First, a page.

By Steve Conroy
Jakob Forsbacka Karlsson, Trent Frederic and Jack Studnicka are all staring at the opportunity of their lives. Now it’s up to one of them to seize it.
The three centermen are all vying for the third line pivot job vacancy and it’s clear they’re all going to get a good long look from Bruins’ management. Not only are all three participating in this weekend’s rookie tournament -- starting Friday with a game against Pittsburgh Penguins rookies at 3:30 p.m. -- the trio will also be going to China with the main group of veterans next Tuesday.
They each bring something different to the table. Frederic is the bruiser, Forsbacka Karlsson is the skilled, cerebral two-way player and Studnicka is a bit of a hybrid.
Providence coach Jay Leach had Forsbacka Karlsson for a full season last year (though he was limited to 58 games because of a concussion) and Frederic played 13 games after signing out of the University of Wisconsin. He’s seen Studnicka at a couple of development camps and last year’s training camp.
“JFK has high-end skill. He can make high-end plays. You can put him with some real skilled players and he’ll be able to make play. Freddy is a little more old school. He’s up and down (the ice). He can make plays. By no means is he lacking on the skill front but he is a little bit more an abrasive style, hard down low. And from what little I’ve seen of Jack, he’s probably a cross between the two of them, really,” said Leach, adding with a grin. “If you could just mark them all into one, we’d have a hell of a player.”
JFK, the 2015 second-round pick who’ll turn 22 on Halloween, had to focus last year on the physical nature and the urgency of the pro game. The former Boston University Terrier scored 15 goals with 17 assists last year.
“He was playing against younger players and when you play against men, you have to be harder on pucks and close quickly,” said Leach of the right-handed center. “It’s almost unfair, but we compare everyone to (Patrice) Bergeron, but at the same time it’s great. It sets a level, it sets a standard that all these kids are trying to get to. So if you were to compare him to Bergy, that’s what he’s working on, the ability to close, to compete on pucks and then let his offensive instincts take over.”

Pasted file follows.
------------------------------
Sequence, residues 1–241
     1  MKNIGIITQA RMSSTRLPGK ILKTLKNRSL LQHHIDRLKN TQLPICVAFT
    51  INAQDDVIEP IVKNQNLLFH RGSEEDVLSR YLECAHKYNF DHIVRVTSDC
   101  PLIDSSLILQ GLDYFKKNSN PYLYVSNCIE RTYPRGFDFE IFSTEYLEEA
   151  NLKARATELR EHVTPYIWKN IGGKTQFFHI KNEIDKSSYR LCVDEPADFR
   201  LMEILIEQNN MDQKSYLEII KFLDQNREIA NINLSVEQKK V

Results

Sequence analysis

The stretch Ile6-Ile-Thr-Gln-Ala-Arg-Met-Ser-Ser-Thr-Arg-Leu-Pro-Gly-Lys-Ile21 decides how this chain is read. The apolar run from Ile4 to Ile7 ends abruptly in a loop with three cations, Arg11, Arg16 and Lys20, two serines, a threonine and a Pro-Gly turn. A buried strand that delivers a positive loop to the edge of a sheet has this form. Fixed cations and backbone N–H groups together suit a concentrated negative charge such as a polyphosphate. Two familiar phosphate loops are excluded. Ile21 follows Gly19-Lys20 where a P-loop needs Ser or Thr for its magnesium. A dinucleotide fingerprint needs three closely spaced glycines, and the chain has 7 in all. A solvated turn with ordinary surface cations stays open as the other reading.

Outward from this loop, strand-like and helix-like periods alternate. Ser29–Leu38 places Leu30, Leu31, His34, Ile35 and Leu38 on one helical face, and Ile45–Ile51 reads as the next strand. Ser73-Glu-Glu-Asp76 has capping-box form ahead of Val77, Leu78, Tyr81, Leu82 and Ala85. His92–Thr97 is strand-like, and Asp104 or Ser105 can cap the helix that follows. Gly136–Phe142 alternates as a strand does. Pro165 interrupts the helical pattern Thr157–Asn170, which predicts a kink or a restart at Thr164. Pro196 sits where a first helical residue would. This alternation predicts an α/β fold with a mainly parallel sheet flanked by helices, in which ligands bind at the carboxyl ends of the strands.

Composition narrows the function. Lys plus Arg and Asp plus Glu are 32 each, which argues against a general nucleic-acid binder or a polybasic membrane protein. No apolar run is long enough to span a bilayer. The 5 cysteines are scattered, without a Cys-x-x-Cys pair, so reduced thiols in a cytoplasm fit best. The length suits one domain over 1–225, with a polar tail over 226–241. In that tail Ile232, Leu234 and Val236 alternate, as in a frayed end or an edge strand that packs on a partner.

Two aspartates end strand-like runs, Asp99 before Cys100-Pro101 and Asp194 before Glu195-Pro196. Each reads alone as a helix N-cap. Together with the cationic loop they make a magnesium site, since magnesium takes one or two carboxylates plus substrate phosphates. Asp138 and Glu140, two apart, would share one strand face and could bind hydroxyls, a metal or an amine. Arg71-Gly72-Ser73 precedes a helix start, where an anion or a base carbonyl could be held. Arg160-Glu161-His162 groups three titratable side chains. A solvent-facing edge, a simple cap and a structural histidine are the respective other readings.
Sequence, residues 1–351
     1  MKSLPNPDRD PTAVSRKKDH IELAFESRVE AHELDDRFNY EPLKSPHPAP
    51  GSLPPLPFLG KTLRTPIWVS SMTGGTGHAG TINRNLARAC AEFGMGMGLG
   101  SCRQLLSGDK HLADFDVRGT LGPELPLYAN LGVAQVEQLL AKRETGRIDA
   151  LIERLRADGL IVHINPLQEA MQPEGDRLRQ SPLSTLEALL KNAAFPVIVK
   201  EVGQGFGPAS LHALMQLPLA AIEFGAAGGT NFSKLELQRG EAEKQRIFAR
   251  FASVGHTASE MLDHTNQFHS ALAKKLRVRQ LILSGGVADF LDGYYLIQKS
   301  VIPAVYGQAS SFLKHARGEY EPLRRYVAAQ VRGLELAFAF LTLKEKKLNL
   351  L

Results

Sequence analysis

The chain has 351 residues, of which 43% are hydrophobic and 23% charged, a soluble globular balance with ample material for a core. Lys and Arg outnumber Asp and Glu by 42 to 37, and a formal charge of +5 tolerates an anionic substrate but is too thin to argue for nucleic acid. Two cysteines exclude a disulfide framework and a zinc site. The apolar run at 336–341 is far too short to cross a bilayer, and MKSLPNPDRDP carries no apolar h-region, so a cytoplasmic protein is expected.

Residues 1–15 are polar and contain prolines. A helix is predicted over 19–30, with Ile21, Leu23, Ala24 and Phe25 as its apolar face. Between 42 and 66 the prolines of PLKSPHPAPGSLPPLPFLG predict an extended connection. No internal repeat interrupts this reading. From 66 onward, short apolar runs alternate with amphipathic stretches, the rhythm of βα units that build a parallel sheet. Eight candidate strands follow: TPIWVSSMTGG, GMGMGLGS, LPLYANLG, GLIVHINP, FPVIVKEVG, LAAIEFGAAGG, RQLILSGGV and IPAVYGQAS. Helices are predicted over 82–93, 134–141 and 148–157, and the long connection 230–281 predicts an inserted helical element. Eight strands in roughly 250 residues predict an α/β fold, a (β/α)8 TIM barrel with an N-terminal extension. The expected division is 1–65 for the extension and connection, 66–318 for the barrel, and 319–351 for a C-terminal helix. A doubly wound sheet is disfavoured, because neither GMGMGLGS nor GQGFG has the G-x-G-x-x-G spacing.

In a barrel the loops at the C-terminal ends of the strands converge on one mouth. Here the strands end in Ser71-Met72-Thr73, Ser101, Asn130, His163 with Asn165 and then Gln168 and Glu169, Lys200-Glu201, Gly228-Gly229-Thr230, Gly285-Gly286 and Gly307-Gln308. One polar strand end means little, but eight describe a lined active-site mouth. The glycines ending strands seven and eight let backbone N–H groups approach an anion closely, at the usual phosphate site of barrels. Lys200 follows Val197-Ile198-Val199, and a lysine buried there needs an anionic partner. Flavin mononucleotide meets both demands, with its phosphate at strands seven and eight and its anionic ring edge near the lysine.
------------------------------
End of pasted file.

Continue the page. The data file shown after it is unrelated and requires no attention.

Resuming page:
The left-handed Frederic, a 2016 first-rounder, notched 5-3-8 totals in 13 Providence games at the end of last season, but his style of play is what caught most people’s eye. The St. Louis native just might make an interesting pairing with David Backes.
“I don’t want to compare him to older Bruins, but he’s not afraid of confrontation. He’ll show that at any level,” said Leach. “He came right to us and went right after a guy in Lehigh the second night he played. He’s got that. He’s got the ability to skate. He’s got some hands. A little raw when he came to us, but literally in the four weeks was like we were seeing a pro player. He’s got a huge upside and a lot of fun to watch.”
Frederic’s area of focus in the offseason was getting a little quicker. He worked some of the summer with a skating coach in Madison while skating with a group of pros there.
“My first couple of steps were the big thing and I was working on my hands a little, too. I worked on a bunch of other stuff with my skating. But my first two strides and my quickness off the puck was something I tried to work on,” said Frederic, who weighed in at a strapping 212 pounds on Thursday.
The 19-year-old Studnicka, the youngest of the three and a 2017 second-round pick, may be the darkhorse simply because of his age, but he wouldn’t be going to China if he wasn’t highly thought of. For now, he’s thinking more of the process than the goal.
“There’s obviously internal competition,” said the lanky Studnicka, another righty, “but at the same time you want to focus on our game and leaving it all on the line.”
The road to the dream begins on Friday in Buffalo.